Emma June remembers something

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“Shut up, Betty. You’re drunk.”

“Not enough. I thought this would be easier. I would never have told you except, except, well, now we need your help. The money’s dried up. You’re my only friend.”

“Friend? You’re not my friend. You’re a liar, a traitor. How could you?!’

Mama’s crying now and I think I have to upchuck again.

“But Bernie, I’m all he’s got. And if I don’t have help, I’ll be forced to, to tell everyone. Everyone!”

My head hits the back of Beauty’s seat. Mama has screeched the Model T to a halt.

“You’re threatening me now?” Mama’s words are Spikey like cactus needles. She never yells like this. “Is this why you befriended me in the first place?” Mama sobs. “For money? For …”

It still doesn’t make sense. The only thing that does is being home with Daddy.

I stumble through my front door trying to breathe.

“Emma?” Daddy says. He rushes to me with arms wide enough to hug all of Holly Gap. Choppers licks muck from my face.

“Oh, Daddy, Daddy.” I let him hold me.

He lifts my chin and stares at my dirty, scratched face. “What happened, Emma June? Tell me.”

His voice is worried. But there’s no truth I can tell him. Not now.

 

Excerpt from The Moonshine Thicket, 1928

 

 

The unenlightened neighbor

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Olvie pours herself another cup of Folgers while I start the pancake mix. “I think that was the door, Olvie.”

“Come in, Wise-Guy,” Olvie yells.

“Well, that was pleasant,” Tanner says, wearing a clean pair of “underground” railroad pants.

I pour circles of batter into the hot skillet. “What?”

“Man came charging toward me from across the street. Said I didn’t have any business being here. Guess he doesn’t like Negros.”

“Asshole,” Olvie mumbles.“That’s because he doesn’t like himself, that stupid son of a bitch.”

Pondering her words, I wonder if Olvie is really smarter than the rest of us. Mom and Dad told me people are often scared of things they don’t understand. And instead of trying to figure out what they’re afraid of, they resist anything new, anything different. Mr. Roberts must not have any Negro friends. If he did, he wouldn’t be afraid of a teenage boy.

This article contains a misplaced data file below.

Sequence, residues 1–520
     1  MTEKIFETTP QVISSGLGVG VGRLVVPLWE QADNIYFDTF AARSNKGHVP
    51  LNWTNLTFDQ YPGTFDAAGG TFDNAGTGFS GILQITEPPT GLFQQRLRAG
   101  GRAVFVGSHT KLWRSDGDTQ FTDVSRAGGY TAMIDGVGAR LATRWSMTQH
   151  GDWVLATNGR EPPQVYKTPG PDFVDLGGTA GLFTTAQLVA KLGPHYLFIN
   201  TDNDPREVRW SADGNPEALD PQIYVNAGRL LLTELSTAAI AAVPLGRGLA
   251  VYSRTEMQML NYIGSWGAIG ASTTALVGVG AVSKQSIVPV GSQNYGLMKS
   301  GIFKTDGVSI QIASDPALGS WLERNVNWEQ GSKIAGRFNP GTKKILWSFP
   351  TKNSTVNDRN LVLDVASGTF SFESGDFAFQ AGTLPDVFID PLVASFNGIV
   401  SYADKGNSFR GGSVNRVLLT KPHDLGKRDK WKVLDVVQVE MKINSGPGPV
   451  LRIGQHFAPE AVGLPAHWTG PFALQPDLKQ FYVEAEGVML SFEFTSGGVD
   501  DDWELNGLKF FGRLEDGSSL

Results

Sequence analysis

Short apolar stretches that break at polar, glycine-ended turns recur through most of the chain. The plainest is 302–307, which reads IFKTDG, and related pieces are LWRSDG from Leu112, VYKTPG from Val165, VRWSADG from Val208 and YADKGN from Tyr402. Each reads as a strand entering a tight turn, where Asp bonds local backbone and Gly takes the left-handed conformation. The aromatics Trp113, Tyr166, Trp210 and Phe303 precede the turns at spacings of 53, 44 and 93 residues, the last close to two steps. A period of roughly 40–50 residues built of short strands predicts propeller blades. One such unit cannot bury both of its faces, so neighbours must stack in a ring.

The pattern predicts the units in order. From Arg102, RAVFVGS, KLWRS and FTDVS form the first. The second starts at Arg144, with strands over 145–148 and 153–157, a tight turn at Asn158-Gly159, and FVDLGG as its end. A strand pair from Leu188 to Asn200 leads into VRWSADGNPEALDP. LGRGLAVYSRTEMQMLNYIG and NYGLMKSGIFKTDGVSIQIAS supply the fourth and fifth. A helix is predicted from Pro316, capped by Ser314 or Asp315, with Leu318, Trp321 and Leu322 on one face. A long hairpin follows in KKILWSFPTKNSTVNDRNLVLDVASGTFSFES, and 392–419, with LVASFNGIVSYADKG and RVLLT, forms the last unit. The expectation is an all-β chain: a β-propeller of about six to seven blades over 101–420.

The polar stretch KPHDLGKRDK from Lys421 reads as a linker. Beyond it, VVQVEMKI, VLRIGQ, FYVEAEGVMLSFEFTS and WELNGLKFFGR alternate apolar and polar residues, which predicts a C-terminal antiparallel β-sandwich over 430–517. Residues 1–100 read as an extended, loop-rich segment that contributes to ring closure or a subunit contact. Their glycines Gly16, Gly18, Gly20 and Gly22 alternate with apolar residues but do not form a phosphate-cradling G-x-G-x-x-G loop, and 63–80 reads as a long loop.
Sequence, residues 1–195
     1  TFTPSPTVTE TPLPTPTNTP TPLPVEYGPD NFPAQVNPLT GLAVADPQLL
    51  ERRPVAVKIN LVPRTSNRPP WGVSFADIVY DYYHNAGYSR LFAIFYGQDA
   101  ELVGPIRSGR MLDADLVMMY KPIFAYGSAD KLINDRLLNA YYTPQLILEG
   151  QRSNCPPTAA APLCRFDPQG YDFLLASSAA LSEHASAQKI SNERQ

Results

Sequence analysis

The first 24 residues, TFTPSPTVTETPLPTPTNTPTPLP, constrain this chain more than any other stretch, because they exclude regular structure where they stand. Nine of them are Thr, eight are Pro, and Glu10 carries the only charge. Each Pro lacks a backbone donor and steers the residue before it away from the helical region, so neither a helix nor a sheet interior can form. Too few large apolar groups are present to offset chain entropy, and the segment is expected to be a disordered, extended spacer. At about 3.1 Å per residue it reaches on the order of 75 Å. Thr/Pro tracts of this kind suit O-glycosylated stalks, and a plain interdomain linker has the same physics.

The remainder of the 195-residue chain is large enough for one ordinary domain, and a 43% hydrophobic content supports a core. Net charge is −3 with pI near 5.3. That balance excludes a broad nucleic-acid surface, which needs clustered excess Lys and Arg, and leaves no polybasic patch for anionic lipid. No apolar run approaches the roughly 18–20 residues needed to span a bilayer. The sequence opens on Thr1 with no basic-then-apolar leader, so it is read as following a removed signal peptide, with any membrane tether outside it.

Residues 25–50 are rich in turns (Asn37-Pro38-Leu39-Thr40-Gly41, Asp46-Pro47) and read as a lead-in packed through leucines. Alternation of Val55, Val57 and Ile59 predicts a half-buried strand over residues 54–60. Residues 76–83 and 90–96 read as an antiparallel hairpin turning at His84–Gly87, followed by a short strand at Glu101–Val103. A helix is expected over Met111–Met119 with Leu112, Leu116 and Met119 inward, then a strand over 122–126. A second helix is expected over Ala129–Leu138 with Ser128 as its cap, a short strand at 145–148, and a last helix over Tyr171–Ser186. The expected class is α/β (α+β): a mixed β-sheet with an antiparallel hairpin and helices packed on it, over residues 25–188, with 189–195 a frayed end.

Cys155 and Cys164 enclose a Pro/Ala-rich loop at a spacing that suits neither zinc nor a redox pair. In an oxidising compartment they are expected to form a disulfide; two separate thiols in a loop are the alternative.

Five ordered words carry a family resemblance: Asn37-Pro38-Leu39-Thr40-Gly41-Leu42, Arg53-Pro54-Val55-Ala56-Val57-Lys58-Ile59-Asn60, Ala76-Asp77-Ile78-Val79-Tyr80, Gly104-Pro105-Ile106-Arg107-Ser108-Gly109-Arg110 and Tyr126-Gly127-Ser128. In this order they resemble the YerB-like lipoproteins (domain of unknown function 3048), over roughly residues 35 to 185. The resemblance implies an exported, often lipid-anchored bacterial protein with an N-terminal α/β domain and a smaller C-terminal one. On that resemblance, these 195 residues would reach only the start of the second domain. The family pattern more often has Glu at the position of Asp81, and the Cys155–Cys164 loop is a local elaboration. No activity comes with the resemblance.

“What did you tell him?” I ask.

“Nothing. I ignored him.”

“Why’d you do a thing like that?” Olvie says. “Should have told him off.”

“And why would I do that?” he says. “I don’t want trouble.”

Olvie huffs. “You sound like your uncle. ‘Don’t wants to cause any trouble, ma’am. Yes’m, anything you want, ma’am. Ain’t no good stirring the pot, you see.’ Ugh.”

“You think Uncle Elias should stand up for himself? Like I told Chicken Coop, he’s old school. He’s still afraid of the white man’s world.”

“Oh, and you’re not?” Olvie says.

“Oh, yes’m, I is alright,” he says in dialect. “Jes’ try nots to show it.”

Olvie stops in mid Chuckle. “Elias still thinks garlic hanging over a bed will cure a cold. If you tell him otherwise, he won’t listen. Speaking of, how’s that finger, Wise Guy. Need me to chop it off? You hung those tools up real nice in the utility room. I can find my saw easy now.”

Tanner squeezes his hand. “No thanks. Think I’ll hold on to it for a while.”

This makes Olvie laugh. She has a good laugh, one I’d like to hear more often.

Excerpt from my work in progress set in 1963.

 

NOTE: The photo is of Emmett Till who reminds me of my character, Tanner Ford. This novel will be in honor and memory of Emmett.